Wracked with grief, the sorceress threw her hands out in front of her, desperately shrieking the incantation to save both her life and that of her brother. To her amazement, a powerful blast of magic erupted from her open palms–magic the world had never seen before.
In my last post, From Apprentice to Master, part I, I talked about the different ways that average people are made into heroes, and how that process has to be believable. Readers like having a hero they can connect to and believe is a real person, and that means keeping them grounded.
But to every rule there is an exception, and I think the exceptions to the believability rule are pretty awesome.
The heroes of Greek mythology are perfect examples of the exceptions I’m talking about. Consider Hercules. He slayed the Nemean lion, a beast whose hide was impervious to mortal weapons, by using his incredible strength to strangle it. If Hercules had obtained his super strength just from hours of long training, then technically anyone could have become as strong as him and slain the lion. Frankly, that wouldn’t have been as impressive. The fact is: Hercules was just an above-average guy. No one could compare to him and the feats he performed.
A more modern example is Harry Potter, from the series by J.K. Rowling. Also known as “The Boy Who Lived”, Harry is clearly extraordinary. He managed to survive the killing curse and, throughout the entire series, experienced a lot of moments where he was, plain and simple, just better than everyone else. He obtained his greatness from circumstances beyond his control, but the fact that it only could have happened to him puts him above all the other wizards in his own special way.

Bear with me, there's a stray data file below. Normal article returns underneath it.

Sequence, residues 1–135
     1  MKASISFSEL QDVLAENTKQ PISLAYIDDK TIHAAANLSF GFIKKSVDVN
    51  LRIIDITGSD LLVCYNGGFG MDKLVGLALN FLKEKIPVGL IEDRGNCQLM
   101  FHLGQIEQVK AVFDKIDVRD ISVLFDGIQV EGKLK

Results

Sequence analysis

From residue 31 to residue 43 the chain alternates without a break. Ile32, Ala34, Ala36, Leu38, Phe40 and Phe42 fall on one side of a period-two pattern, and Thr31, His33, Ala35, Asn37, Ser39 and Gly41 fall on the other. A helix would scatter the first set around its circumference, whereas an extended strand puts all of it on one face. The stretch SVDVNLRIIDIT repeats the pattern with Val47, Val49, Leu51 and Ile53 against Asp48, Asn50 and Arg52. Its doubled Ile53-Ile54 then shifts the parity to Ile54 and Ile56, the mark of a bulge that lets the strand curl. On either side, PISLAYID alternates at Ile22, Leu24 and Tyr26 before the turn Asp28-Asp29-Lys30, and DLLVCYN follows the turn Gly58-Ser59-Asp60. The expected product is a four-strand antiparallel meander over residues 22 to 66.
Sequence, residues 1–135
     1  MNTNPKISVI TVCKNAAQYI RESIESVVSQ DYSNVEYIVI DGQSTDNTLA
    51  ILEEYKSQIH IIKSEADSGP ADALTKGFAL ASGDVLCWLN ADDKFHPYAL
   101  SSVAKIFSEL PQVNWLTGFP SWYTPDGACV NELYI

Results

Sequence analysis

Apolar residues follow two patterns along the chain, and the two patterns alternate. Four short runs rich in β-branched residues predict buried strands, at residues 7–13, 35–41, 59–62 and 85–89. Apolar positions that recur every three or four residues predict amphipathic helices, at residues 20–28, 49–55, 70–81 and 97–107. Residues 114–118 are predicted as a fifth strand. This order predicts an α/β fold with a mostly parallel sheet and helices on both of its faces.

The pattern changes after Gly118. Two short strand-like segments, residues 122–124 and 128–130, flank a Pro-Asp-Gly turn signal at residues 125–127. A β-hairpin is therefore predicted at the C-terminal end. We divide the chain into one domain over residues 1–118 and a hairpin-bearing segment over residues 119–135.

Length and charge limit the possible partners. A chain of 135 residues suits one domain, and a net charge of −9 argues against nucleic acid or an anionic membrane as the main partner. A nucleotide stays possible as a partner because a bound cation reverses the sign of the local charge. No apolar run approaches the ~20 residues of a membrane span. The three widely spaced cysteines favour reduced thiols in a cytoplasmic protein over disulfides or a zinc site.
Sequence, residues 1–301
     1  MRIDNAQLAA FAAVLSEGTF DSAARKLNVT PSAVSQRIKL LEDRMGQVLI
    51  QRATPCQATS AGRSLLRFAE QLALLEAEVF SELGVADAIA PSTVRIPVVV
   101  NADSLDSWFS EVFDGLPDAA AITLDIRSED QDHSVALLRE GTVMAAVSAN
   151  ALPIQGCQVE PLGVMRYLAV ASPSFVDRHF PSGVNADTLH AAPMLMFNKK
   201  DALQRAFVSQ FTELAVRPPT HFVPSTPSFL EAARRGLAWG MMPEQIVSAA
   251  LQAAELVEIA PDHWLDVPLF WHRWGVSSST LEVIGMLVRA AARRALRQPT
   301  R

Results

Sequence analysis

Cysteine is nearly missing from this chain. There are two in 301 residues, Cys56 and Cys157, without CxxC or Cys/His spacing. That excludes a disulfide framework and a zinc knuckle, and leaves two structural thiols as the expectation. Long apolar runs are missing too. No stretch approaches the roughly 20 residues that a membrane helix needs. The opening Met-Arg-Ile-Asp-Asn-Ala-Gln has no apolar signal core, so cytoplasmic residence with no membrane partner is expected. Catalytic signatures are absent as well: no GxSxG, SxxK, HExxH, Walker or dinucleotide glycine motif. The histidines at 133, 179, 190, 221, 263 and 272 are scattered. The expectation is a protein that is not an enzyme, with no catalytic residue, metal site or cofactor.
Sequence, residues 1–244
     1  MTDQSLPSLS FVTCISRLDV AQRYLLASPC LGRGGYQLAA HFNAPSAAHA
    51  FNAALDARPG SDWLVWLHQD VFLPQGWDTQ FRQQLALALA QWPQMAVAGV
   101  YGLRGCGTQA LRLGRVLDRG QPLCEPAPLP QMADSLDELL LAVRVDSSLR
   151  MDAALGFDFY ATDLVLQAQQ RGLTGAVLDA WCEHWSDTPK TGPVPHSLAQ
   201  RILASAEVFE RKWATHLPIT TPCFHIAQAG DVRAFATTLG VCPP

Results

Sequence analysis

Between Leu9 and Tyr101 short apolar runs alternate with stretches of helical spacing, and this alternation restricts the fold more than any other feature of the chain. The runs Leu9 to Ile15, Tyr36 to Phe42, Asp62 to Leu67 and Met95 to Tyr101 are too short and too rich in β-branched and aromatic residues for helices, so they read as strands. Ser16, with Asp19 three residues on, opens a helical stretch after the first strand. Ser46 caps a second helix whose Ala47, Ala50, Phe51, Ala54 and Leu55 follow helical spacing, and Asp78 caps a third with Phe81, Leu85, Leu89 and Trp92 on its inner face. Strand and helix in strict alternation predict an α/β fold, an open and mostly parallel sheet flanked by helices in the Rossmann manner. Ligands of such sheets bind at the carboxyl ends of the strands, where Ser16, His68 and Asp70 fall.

And what about the real-life racehorse, Secretariat? If he hadn’t won The Belmont Stakes by 31 horse-lengths and set an incredible record that still exists today, then he wouldn’t be so famous. People wouldn’t have cared about him as much. He probably wouldn’t have even gotten his movie made two years ago.
There’s a reason why Hercules and Harry Potter and Secretariat are considered to be great heroes. People are inspired by tales that stretch the imagination and test the limits of convention. People like believability and the connection it can create, but sometimes stories about the exceptions are a lot more fun.
I think that, when turning a layman into a superman, you should try to do it in a believable way so that you make a bond with the reader and allow them to feel that the character is real. But I also think that, once you’ve made your character the hero he or she needs to be, you should give them the freedom to shine–to become just a little better than everyone else. Make the hero significant and the story will only get better.
When do you think is the best time to let a hero’s inner greatness out? At what point does an exception become too overpowered or unbelievable to be enjoyable?
May you always find inspiration in the exceptional, and never settle for less than extraordinary.